I think specialization will be the key to success for techs in the coming decades. The days of a Master Technician who can fix everything are gone, there’s just too much to know. You can either be an expert on a few lines of cars (like Toyota/Lexus) or be an expert on systems on all cars (like an alignment/suspension specialist or engine performance/driveability specialist). Just remember, that takes time. It will happen in years, not months.

I’m not sure what motivates you, but it sounds like decent pay is a large part of it. That means you should not be afraid to put in the work required to make some money. As a shop manager and former shop owner I can tell you that if you’re only interested in working 40 hrs/M-F this is not the career for you. Like any other skilled trade, the little bit extra you put in will give you skills and experience that you carry with you from job to job. The tools you will buy for this job are expensive, but if you buy quality they will be with you for decades.

Finally, don’t be afraid to quit your job if another one offers you better pay and benefits. The shop I work at is interested in keeping its crew. As a result, last month the owner announced an immediate 18% increase in our labor rates and parts markup, in order to pay the crew what the market demands. If your current job isn’t willing to pay for quality, find one that does.


There’s an old saying “When your ship comes in, you need to be at the dock.” Always keep your resume up to date and keep an eye out.

If no one has told you this yet, when you are first starting out, the starting salary isn’t the most important thing, potential advancement is. You need to work in a place that has upward mobility, where you can learn different aspects of the job and have an opportunity to move up.

You will need to judge this for yourself. I would not recommend leaving a job at an all around repair shop for a slightly better paying job at a quick lube. But if you were in a small garage and the owners son works there as well, I’d look around.

Edit: one more tip. When you get a job interview, the most important question you need to answer is not going to be asked. If you answer this question, you get the job.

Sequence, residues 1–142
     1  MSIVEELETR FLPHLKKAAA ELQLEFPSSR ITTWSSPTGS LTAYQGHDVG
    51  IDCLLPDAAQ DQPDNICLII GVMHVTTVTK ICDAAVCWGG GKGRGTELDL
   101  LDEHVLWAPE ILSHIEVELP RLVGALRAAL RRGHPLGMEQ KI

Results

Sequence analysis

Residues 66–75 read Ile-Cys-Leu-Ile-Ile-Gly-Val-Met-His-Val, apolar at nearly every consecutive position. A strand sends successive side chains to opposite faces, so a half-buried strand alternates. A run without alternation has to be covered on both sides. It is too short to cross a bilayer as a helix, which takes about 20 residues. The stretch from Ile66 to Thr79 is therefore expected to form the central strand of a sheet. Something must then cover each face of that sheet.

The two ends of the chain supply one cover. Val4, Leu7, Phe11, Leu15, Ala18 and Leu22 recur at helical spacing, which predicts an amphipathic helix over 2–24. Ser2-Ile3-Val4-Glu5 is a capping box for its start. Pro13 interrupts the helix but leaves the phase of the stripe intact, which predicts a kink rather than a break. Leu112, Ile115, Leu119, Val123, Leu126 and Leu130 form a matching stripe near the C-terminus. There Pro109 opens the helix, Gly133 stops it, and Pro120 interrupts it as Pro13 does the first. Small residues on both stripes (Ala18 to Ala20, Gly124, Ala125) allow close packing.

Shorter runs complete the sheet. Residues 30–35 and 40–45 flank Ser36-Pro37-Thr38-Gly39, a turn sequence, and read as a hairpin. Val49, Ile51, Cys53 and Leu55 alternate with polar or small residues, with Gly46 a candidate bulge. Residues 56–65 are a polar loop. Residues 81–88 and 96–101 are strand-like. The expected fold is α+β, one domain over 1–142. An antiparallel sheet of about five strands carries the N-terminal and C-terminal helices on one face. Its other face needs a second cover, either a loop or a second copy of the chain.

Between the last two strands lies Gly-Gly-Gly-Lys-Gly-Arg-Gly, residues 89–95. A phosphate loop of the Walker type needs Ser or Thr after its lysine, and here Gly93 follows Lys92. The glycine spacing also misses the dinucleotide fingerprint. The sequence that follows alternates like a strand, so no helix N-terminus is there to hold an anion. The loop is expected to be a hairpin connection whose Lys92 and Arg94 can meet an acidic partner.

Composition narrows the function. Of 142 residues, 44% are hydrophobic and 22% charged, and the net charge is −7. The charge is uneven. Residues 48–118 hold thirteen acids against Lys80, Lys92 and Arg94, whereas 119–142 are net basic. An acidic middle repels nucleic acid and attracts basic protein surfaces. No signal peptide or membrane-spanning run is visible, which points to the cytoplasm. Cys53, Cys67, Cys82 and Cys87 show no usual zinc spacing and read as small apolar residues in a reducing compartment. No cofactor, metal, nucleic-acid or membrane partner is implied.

The question not asked is “How will you contribute to the bottom line?” Usually the best time to answer this question is when they ask you to tell them a little about yourself. This is your opportunity tell them how much you can do for them. Start working on your answer now and keep the answer fresh and up to date in your mind always, even when you are not looking.


No, they have 3 options. Do one of the two things you said, or take lower profits.

In other words, how much is the owner taking home, and if the answer is “a lot,” then it would seem that this is something the owner could absorb for awhile. Especially since inflation is unlikely to remain high forever, whereas those flag rates are unlikely to go back up to their previous levels even if inflation turned into deflation.

All that aside, I’d be a lot happier if the company had said “No, we’re not giving you raises because we can’t afford it” rather than saying “everybody gets a raise!” and then trying to pull a fast one to neutralize the supposed raises. The first might be dishonest, but the second definitely is, and I’m not a fan of selling portions of my life to dishonest jerks.

While I don’t disagree with this, even brand new workers have to pay rent and buy groceries. And the price of both is sky high right now. It’s hard to gain skills and learn new concepts when you’re hungry and worried about being evicted.

Plus, I’m not sure of the wisdom of learning from a place that’s so blatantly dishonest and callous toward its workers. If you choose to work for a place that can’t afford to pay you more, but is honest about it, that’s one thing. I don’t think it necessary for even the greenest worker to work for a place that is deceptive in its pay practices. That’s not only because if they’re screwing OP here, they’ll screw him elsewhere too, but also because part of being in the service industry, if you want a good reputation, is being honest, and a dishonest employer isn’t a good place to internalize that concept.


I have worked the flat rate system my whole life. 20 years plus now. Let me tell you this about the automotive trade, it tends to be one of the lowest paid trades out there with the highest amount of investment in tools.
I have seen first hand the craziness of flat rate madness, how about replacing a long block in 3.8 hrs. Does this sound like something you could have done by lunch time?
This is just the tip of the iceberg, there is a reason that it is hard to find good mechanics right now…


This is when you need to speak up to your employer and lay it on the line that the “book time” is unrealistic, and that you cannot properly complete the assigned task in the allotted time. Nowadays, jobs are plentiful and applicants are scarce, so I would be a lot more aggressive with an employer than I might have been during harsher economic times.